But it was unclear how far their arguments would go, given the previous failed lawsuits on the issue and concern from the court about whether the latest claim was filed too late to be considered.
Obama's production of the vital record was aimed at quashing any lingering doubt among critics who contend he shouldn't have been elected because he couldn't prove he was a citizen - a prerequisite for the nation's highest office.
But it has not deterred Orly Taitz, an attorney at the forefront of the birther movement. On Monday, Taitz told a three-judge panel of the 9th Circuit Court of Appeals that the long-form birth certificate released by Obama is "not a true and correct image."
"It's very inventive computer art," she said.
Taitz and attorney Gary Kreep, on behalf of more than 40 plaintiffs, are seeking to revive a lawsuit challenging Obama's citizenship that was dismissed by U.S. District Judge David Carter in late 2009. They asked the panel to remand the suit to Carter in Orange County.
Carter dismissed the case on the grounds that the federal court system was not the proper venue to challenge a president's election.
The appellate panel seemed to concur, wondering how the lawsuit could have merit, given it was filed after the election and Obama had already taken office.
"You did not file a claim at the time when the kind of relief you would be talking about might be plausible," Judge Raymond Fisher said. "It doesn't do anything for your candidates now."
It wasn't immediately known when the judges would rule.
Obama had released a standard short form of his birth certificate before he was elected in 2008. He produced his full birth certificate last week amid growing doubts about his birth in the U.S. A recent New York Times-CBS News poll found that 45 percent of adult Republicans said they believed he was born in another country or weren't sure.
In releasing the document, Obama said he hoped the nation could focus on more serious issues. Donald Trump, who has considered a presidential bid in 2012, took credit for forcing the president's hand.
Taitz said she believes the birth record was falsified.
After the hourlong hearing, she said the document's serial number was out of sequence, the typing wasn't aligned, and it was printed on green paper instead of white paper like other Hawaiian birth records of that era.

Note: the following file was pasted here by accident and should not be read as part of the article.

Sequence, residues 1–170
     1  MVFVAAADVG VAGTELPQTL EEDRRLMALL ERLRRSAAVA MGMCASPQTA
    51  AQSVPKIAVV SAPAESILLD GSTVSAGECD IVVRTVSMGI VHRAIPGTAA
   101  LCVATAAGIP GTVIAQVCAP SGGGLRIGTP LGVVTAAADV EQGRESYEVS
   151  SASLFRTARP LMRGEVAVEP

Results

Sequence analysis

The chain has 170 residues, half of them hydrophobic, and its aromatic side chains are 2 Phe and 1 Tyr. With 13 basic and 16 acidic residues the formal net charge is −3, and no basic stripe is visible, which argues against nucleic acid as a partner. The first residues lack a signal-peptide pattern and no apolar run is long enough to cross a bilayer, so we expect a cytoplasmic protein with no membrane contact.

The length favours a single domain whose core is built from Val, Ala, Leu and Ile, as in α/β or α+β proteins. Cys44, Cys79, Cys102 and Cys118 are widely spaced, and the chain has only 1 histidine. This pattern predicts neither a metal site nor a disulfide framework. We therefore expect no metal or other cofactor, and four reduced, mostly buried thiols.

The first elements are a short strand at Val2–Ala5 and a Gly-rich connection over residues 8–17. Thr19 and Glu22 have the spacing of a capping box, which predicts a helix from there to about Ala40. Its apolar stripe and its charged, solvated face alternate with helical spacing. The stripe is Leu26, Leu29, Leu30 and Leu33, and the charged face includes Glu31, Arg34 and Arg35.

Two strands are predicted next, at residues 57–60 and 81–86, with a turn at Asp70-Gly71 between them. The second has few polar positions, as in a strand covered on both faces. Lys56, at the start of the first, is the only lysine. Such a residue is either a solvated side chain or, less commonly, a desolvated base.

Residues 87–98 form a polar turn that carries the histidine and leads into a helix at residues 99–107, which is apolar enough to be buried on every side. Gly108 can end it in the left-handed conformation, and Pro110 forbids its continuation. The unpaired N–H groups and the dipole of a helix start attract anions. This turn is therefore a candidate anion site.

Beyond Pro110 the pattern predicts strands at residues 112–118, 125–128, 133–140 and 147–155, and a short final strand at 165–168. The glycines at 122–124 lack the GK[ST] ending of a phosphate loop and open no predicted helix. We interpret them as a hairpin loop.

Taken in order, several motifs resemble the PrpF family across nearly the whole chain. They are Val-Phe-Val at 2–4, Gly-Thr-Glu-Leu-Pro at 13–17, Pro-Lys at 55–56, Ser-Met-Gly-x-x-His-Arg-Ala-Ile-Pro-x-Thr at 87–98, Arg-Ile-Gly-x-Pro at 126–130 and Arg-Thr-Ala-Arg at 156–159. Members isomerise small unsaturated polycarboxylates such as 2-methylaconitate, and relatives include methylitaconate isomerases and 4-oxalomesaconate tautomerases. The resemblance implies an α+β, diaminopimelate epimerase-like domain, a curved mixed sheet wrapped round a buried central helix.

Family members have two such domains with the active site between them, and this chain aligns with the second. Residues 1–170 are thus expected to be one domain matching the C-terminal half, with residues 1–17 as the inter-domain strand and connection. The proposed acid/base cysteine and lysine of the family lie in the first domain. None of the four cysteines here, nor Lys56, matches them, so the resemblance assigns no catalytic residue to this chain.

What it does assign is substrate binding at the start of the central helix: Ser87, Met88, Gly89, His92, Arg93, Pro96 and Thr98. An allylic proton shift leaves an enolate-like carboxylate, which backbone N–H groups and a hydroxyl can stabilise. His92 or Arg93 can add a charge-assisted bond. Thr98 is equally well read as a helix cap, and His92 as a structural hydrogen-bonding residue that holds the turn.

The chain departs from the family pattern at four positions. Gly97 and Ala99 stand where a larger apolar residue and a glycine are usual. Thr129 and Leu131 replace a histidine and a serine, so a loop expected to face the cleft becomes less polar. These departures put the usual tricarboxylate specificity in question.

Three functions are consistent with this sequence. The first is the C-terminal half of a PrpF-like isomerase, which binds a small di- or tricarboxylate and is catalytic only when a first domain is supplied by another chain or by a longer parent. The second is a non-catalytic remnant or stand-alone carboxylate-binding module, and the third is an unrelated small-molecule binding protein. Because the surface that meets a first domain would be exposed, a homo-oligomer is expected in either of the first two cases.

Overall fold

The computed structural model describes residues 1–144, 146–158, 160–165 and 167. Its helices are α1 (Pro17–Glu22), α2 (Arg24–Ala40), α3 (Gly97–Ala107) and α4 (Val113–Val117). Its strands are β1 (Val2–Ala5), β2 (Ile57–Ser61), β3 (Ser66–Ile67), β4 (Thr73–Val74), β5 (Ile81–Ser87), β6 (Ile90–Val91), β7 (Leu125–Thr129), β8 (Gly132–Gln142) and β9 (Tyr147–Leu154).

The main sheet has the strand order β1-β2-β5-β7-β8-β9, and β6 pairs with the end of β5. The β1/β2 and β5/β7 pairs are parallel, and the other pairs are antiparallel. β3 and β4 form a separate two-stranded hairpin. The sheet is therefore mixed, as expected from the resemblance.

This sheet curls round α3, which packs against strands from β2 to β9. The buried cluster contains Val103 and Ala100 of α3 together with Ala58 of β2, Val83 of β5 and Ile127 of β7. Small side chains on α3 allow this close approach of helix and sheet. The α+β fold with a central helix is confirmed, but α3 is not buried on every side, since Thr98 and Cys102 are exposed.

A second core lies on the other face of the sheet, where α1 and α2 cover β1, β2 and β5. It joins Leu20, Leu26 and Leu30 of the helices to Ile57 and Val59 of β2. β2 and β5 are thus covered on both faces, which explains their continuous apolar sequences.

She added she wants to travel to Hawaii with a forensic expect to look at Obama's records.
Both Taitz and Kreep have been unable to convince courts around the nation their lawsuits have merit. Among their arguments - Obama may have dual citizenship and the president's alleged use of multiple Social Security numbers.
Taitz was ordered by a federal judge in Georgia two years ago to pay a $20,000 fine, calling her lawsuit against the president frivolous and the litigation an attempt to misuse the court system to push a political agenda.
Taitz sued in Georgia federal court on behalf of Army Capt. Connie Rhodes, who sought to avoid deployment to Iraq by claiming Obama wasn't born in the U.S.
Other plaintiffs in the case include conservative activist Alan Keyes, libertarian vice presidential write-in candidate Gail Lightfoot and other members of the military.
Assistant U.S. Attorney David DeJute acknowledged the courts may be the proper venue had a lawsuit challenging a candidate's citizenship been filed before an election.
"I think a candidate can challenge the qualification of another candidate, assuming of course that candidate does so in a timely manner," DeJute said.
For the birther movement, the 9th Circuit appeal is a difficult platform in which to make its argument. Not only are plaintiffs arguing before one of the nation's more liberal courts, they face bad timing with the recent release of Obama's birth certificate and the announcement that terrorist Osama bin Laden was killed by U.S. forces, which gives Obama political strength.
Kreep said the case is unprecedented and shouldn't be taken lightly by Obama or the courts.
"We have a man who, whether it's true or not, arguably is not a citizen or at least a naturally born citizen of the United States and is not eligible to serve," Kreep said. "The only recourse for the people is the courts."